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By Peter Galli  |  Posted 2003-03-05 Print this article Print

: Corel, Microsoft Ready Office Suites"> And, last week, Joe Eschbach, corporate vice president of Microsofts Information Worker Product Management Group, in Redmond, Wash., said that Microsoft wants to ensure that the suites file formats give users full access to its XML schemas, which allow "smart documents" to be created in Office 2003. "The goal is not to have another proprietary lock-in schema. The No. 1 push in Office 2003 is user-defined schema," Eschbach said, adding that Beta 2 of Office 2003 will include a new feature called Outlook 2003 with Business Contact Manager, as well as the first incarnations of DRM (digital rights management) in the suite.
Corel, meanwhile, said on Wednesday that WordPerfect Office 11 Standard Edition will include the latest versions of the core applications—WordPerfect 11, Quattro Pro 11 and Presentations 11, while WordPerfect Office 11 Professional will include the relational database Paradox.
WordPerfect Office 11 Standard edition has a suggested retail price of $299.99, while the Professional edition will be available as a license-only offering "to meet the demands of enterprise customers," Brown said. Existing users of WordPerfect Office will be able to upgrade to WordPerfect Office 11 Standard for $149.99, while a special edition for the education market will be available for $99.99. Microsoft has so far declined to say what applications will be included in which product SKUs and which will sell separately as an add-on, claiming no pricing or packaging decisions have been finalized as yet. All it has said is that the OneNote and InfoPath applications are part of the Office "family." Microsoft angered a group of legacy customers in November when it said that Office 2003 would be compatible with only Windows 2000 Service Pack 3 or later operating systems, including Windows XP. The move will affect as much as 60 percent of Microsofts installed base of pre-SP3 users. Customers said this latest attempt by Microsoft to force them into upgrading follows the companys past moves to phase out support for older products and to push users to upgrade to its new licensing agreements. Corels Brown said that WordPerfect Office 11 offers users value, flexible licensing solutions and professional level support. It is a "highly capable product to long-time WordPerfect Office users and to a growing number of users seeking an alternative to Microsofts cost and strict terms of licensing."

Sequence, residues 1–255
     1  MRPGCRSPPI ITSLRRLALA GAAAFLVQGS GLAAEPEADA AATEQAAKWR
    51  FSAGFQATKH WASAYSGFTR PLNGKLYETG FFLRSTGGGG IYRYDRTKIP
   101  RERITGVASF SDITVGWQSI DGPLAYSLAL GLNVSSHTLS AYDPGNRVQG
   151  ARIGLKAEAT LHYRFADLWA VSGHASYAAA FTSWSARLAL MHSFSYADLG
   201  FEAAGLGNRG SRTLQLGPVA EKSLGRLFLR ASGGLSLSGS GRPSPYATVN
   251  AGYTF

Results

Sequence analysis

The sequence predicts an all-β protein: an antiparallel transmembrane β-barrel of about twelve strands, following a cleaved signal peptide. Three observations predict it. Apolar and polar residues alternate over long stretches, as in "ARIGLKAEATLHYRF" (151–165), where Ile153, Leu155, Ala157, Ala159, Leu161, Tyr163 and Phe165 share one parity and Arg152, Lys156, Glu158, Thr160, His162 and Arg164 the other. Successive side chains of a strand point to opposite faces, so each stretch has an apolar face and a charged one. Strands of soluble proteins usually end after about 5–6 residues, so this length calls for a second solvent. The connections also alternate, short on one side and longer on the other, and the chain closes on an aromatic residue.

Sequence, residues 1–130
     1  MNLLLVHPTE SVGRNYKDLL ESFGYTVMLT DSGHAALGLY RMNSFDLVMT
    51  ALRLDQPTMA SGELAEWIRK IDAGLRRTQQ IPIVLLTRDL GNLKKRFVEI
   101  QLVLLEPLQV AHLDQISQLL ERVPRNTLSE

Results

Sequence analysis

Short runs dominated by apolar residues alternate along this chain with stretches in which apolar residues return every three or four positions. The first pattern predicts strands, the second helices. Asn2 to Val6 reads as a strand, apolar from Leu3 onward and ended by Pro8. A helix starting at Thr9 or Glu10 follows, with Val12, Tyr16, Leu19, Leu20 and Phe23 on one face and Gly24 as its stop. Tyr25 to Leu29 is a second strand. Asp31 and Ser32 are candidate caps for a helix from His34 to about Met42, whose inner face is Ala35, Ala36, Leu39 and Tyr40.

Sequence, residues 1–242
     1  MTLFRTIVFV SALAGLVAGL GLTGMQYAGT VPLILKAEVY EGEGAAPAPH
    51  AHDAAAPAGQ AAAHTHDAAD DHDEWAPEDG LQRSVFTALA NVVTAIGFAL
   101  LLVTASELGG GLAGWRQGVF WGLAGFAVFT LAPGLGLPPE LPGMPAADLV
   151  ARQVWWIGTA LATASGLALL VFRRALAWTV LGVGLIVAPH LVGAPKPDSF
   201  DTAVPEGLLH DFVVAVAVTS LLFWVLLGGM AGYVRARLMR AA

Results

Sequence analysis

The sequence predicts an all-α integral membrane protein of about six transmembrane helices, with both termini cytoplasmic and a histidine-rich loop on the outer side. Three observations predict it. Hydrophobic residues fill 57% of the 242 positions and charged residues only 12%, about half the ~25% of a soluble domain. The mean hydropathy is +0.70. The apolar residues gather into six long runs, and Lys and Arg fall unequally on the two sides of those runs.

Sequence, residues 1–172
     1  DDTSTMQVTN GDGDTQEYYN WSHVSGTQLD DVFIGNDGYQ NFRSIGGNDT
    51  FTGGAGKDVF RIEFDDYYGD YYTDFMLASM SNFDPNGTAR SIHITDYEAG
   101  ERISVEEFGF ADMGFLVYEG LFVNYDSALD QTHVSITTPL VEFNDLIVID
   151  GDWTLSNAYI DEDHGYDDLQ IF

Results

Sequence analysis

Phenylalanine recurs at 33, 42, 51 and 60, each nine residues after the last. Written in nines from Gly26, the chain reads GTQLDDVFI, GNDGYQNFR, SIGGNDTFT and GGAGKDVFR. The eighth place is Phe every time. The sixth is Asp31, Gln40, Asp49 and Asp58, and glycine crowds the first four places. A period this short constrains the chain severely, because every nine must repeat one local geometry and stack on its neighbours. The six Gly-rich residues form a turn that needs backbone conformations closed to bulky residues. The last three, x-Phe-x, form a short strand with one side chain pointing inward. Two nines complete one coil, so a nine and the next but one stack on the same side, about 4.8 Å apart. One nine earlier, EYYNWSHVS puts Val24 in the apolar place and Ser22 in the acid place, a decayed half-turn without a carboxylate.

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    Peter Galli has been a financial/technology reporter for 12 years at leading publications in South Africa, the UK and the US. He has been Investment Editor of South Africa's Business Day Newspaper, the sister publication of the Financial Times of London.

    He was also Group Financial Communications Manager for First National Bank, the second largest banking group in South Africa before moving on to become Executive News Editor of Business Report, the largest daily financial newspaper in South Africa, owned by the global Independent Newspapers group.

    He was responsible for a national reporting team of 20 based in four bureaus. He also edited and contributed to its weekly technology page, and launched a financial and technology radio service supplying daily news bulletins to the national broadcaster, the South African Broadcasting Corporation, which were then distributed to some 50 radio stations across the country.

    He was then transferred to San Francisco as Business Report's U.S. Correspondent to cover Silicon Valley, trade and finance between the US, Europe and emerging markets like South Africa. After serving that role for more than two years, he joined eWeek as a Senior Editor, covering software platforms in August 2000.

    He has comprehensively covered Microsoft and its Windows and .Net platforms, as well as the many legal challenges it has faced. He has also focused on Sun Microsystems and its Solaris operating environment, Java and Unix offerings. He covers developments in the open source community, particularly around the Linux kernel and the effects it will have on the enterprise.

    He has written extensively about new products for the Linux and Unix platforms, the development of open standards and critically looked at the potential Linux has to offer an alternative operating system and platform to Windows, .Net and Unix-based solutions like Solaris.

    His interviews with senior industry executives include Microsoft CEO Steve Ballmer, Linus Torvalds, the original developer of the Linux operating system, Sun CEO Scot McNealy, and Bill Zeitler, a senior vice president at IBM.

    For numerous examples of his writing you can search under his name at the eWEEK Website at


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